Virgin Atlantic Flying Club miles get a new name, no longer expire
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Editor’s note: This story has been updated to reflect that the double points offer has been extended.
Say goodbye to Virgin Atlantic Flying Club miles and say hello to Virgin Atlantic Flying Club Virgin Points.
On Thursday, Virgin Group unveiled Virgin Red, which is the new Virgin-wide rewards club. And as the new currency is being rolled out across businesses in the Virgin Group, Virgin Atlantic is renaming its Flying Club miles to take on the name of Virgin Points. As of Thursday, your Flying Club miles are now known as Virgin Points.
But the name change isn’t the only thing of note. Here’s what else we know so far about the future of Virgin Points and how yours might soon become more valuable.
Virgin Points no longer expire
Along with the name change, Flying Club is adding a passenger-friendly amendment to its terms and conditions in that Virgin Points will no longer expire. Previously, Virgin Atlantic Flying Club miles expired after 36 months if the member had no account activity.
As a result of the coronavirus pandemic and the downturn in travel, Virgin extended the expiration date of some members’ Flying Club miles by six months in May 2020. However, that initiative has been extended to now include all Virgin Points going forward.
It’s worth noting that while the currency of Virgin’s loyalty programme is changing from Flying Club miles to Virgin Points, the Flying Club programme as we know it is sticking around. The value of your miles — now Virgin Points — isn’t changing, and all other details of the programme are staying the same, including elite-qualifying credits continuing to be known as Tier Points.
“Virgin Points have exactly the same value as miles and members can continue to earn and redeem these across Virgin Atlantic, Delta and other partners as they do today, as well as collect tier points”, Virgin Atlantic Chief Digital & Marketing Officer Siobhan Fitzpatrick said in a statement. “The change in currency provides greater peace of mind for our members and paves the way for an expanded range of ways to earn and spend Virgin Points”.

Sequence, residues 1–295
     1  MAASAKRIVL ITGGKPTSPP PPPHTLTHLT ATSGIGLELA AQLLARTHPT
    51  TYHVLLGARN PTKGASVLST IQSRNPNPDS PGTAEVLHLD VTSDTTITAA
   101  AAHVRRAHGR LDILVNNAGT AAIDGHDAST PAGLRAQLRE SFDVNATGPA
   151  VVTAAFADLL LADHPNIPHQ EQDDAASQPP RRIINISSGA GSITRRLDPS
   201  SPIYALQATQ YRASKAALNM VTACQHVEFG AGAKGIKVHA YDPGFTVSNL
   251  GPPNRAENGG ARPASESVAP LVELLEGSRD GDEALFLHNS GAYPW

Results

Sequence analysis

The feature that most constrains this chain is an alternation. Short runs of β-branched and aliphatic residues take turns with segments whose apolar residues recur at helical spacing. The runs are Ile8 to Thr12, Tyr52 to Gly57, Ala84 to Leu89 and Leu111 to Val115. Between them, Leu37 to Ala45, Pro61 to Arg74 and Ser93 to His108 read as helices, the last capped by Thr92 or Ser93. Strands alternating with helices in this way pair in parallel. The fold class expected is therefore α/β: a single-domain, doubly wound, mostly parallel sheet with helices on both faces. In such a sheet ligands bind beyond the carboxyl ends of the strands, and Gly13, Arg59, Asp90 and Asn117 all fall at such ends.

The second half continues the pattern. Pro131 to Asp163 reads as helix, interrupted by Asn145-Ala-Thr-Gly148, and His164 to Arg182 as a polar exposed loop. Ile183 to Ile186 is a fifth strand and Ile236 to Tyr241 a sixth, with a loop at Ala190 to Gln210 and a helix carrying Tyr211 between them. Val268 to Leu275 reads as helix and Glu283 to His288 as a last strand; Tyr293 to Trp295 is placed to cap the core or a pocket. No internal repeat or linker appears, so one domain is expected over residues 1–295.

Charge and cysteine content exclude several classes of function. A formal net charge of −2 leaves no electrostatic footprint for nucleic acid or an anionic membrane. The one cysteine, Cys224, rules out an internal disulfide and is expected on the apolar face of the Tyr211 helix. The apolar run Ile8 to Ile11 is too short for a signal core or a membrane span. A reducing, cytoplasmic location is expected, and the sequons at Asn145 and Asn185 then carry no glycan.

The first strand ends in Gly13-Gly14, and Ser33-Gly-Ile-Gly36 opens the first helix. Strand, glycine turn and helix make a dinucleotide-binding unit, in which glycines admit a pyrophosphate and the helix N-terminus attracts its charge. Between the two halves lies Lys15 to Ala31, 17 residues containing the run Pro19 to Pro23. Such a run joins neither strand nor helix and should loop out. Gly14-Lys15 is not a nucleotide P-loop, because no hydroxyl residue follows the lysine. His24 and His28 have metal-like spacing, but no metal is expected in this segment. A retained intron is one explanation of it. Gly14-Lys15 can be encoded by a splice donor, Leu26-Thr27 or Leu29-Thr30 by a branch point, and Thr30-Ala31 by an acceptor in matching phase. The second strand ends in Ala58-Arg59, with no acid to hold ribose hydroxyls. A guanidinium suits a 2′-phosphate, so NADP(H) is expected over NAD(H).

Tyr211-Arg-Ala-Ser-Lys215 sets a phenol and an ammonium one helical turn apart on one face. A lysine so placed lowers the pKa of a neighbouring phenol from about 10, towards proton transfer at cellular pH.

So, as of Thursday, the sum of miles — now Virgin Points — in your Flying Club account will no longer expire. Every one Flying Club mile that you had in your account is now one Virgin Point.
The news that Virgin Points will no longer expire is the second passenger-friendly improvement Virgin Atlantic has made to its Flying Club programme recently. In August, Virgin Atlantic became the first major airline to announce that members would now earn elite-qualifying credits on award flights. For most other award programmes, passengers only earn elite-qualifying credits on cash fares, rather than redemptions.
New promotion: Earn 2x Virgin Points on flights
As part of Thursday’s announcement, the airline is launching a promotion in which flyers can earn double points on flights. For flights booked before 15 October 2020, Flying Club members will earn double points on eligible travel.
According to the terms and conditions, the flight must be booked directly with Virgin Atlantic, Virgin Holidays or the airline’s contact centre. Additionally, the flights must be operated by Virgin Atlantic and marketed by the airline — codeshare flights are excluded from the promotion.
There’s no need to register for this offer. Ultimately, it’s a nice way to earn additional Virgin Points on flights you were otherwise planning on taking.
What should we make of Virgin Red?
Virgin Red, the new Virgin Group-wide rewards club, is an interesting development. As of Thursday’s announcement, Virgin Atlantic is the only business that’s taken on the new currency, which is “in preparation for the launch of Virgin Red” and “will be revealed soon”, according to Kelly Best, CMO of Virgin Red.
“Because Virgin Points will eventually be the currency used across all of the different Virgin companies, Flying Club miles have been rebranded to Virgin Points today”, Best said in a statement. “This rebrand doesn’t change how existing Flying Club members can collect or spend points around the globe – except that members can relax safe in the knowledge that Virgin Points will never expire”.
A spokesperson for Virgin Red wasn’t able to provide any additional information on the programme and its redemption options. However, given the wide scope of Virgin’s brands, it could be possible in the future to earn and redeem Virgin Points on a number of other businesses. The extent of that, however, remains unclear at this time.
That said, new options for earning and redeeming could mean good news for points and miles collectors, potentially making those Virgin Points more valuable.
For now, we’ll have to get used to calling Virgin Atlantic’s currency points rather than miles.
Featured photo by Nicky Kelvin/The Points Guy.
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